ISTANBUL, Turkey — You still can have a drink in Turkey. But under a new rule that came into effect today, you may have a hard time finding out where to get one.
Shops, bars and restaurants in this predominantly Muslim nation are no longer allowed to advertise alcoholic products with outside neon signs, logos, slogans, marquees or other means. The regulation is part of a law passed by parliament in Ankara last year that included a one year grace period for the implementation of some restrictions.
Other parts of the law like a ban on alcohol advertisement in newspapers and on television and on the sale of alcohol in supermarkets and corner shops after 10pm have been in effect since last year.
The government of Prime Minister Recep Tayyip Erdogan says the law is part of ongoing efforts to protect the health of Turkey’s citizens, especially youngsters, from the dangers of alcohol consumption. But Erdogan’s opponents say the ban on alcohol signs is another step in an alleged program designed to turn the secular Turkish republic into a country governed by Islamic values.
“A mosque has a sign saying that it’s a mosque, a church has a sign saying it’s a church,” said Ali Bayram, manager of the Loop Bar in Istanbul’s nightlife district Beyoglu. “You have to be able to tell people what you are offering, but we are no longer able to do that. This is like an ax stroke against the whole nightlife industry.”
For people like Bayram, the ban on beer signs not only makes it harder to attract customers but also takes away a source of revenue, as many bars and shops have had deals with big brewers or whisky companies who paid for the advertisement. The new law also bans indirect advertisement like chairs with the logo of a brewer.
“Look here,” Bayram said, pointing to a table in the bar. “The state didn’t pay for this table, Efes did,” he added, referring to Turkey’s biggest brewer. “Where is the money supposed to come from in future?”
The predominance of Islam has not stopped Turks from developing a taste for beer, wine and liqueur; even though alcohol consumption is lower than in the West. Raki, an anise-flavoured brandy, is the unofficial national drink, favored by modern Turkey’s founder Mustafa Kemal Ataturk and millions of other Turks. Erdogan, a pious Muslim, has tried to steer Turks away from Raki, declaring last year that he regarded Ayran, a non-alcoholic drink made of yoghurt, water and salt, and not Raki as the national drink.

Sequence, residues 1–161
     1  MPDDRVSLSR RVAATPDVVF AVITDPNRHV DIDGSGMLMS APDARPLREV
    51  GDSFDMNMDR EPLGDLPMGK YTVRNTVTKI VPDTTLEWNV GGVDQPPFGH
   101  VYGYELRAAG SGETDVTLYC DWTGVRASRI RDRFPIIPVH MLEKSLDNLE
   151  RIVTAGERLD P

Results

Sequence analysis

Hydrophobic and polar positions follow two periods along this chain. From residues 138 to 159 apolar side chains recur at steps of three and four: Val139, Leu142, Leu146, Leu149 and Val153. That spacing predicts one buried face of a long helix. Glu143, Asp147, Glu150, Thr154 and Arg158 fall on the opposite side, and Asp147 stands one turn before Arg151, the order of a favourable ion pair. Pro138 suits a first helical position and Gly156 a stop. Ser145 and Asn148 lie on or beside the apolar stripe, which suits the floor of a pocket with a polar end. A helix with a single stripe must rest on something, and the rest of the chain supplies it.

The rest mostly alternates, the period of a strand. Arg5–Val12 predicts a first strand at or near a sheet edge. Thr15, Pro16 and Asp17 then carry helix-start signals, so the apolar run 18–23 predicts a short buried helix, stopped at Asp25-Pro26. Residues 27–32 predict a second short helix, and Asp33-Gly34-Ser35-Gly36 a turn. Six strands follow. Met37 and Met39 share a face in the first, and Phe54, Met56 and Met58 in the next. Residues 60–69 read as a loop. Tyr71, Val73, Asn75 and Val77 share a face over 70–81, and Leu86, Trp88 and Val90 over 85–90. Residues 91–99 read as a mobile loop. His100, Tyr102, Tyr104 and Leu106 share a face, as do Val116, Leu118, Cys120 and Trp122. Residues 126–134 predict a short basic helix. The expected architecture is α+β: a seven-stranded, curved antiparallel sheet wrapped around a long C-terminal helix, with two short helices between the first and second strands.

Turks drink an average of 1.6 liters of alcohol per capita in a year, compared to 8.6 liters in the US and 11.7 liters in Germany, according to the Organisation for Economic Co-Operation and Development (OECD). Even though critics have been accusing Erdogan of following a hidden Islamist agenda, alcohol consumption in the country has actually risen slightly under his rule, from 1.4 liters in 2002.
Erdogan, a pious Muslim, has tried to steer Turks away from Raki.
Still, only a minority of Turks drinks alcohol, while the mostly religiously conservative majority in the Anatolian heartland remains abstinent. According to the Health Ministry in Ankara, 23 percent of men and 4 percent of women in Turkey drink alcohol. Most of them live in or around Istanbul or on the Aegean coast in the western part of the country.
Shop owners in Istanbul’s Beyoglu district said they were feeling the effect of the alcohol law passed last year even before the ban on shop signs came into effect. Late night shoppers picking up a bottle of wine or whisky on their way home or to a party used to generate an important part of income for many small corner shops, but the ban on sales after 10pm has destroyed that market, they said.
“My sales have dropped by 90 percent,” said Nurettin, the owner of a store filled with wine, beer, Raki and whisky. He declined to give his last name because he was concerned about pressure by authorities for speaking his mind. “I used to sell Raki for 3,000 Lira [$1,400] every day, now it’s down to 250 to 300 Lira,” he said. “We’re finished, it’s over.”
Asked for his view on the government argument that restrictions on the sale of alcohol were good for public health, Nurettin scoffed derisively. “They want to turn this country into another Iran,” he said. “They say that drinking is haram,” or sinful under Islamic law. “But they do take the taxes from alcohol sales. If alcohol is haram, taxes from alcohol are as well.”
Ismail Adin, another shop owner in Beyoglu, also said sales of alcohol were down, from about 5,000 Lira a day to 2,000 Lira. “They are making it harder and harder,” he said. “If it goes on like this, alcohol will be completely banned one day.”
Like many other shops in Beyoglu, Adin’s store still had its sign, sponsored by Efes brewery, in place over the door, despite the new ban. He said he was in no hurry to take it down, hoping that authorities would not implement the ban right away. “If the municipality comes, they will give you a warning first, but they won’t fine you right away,” he said.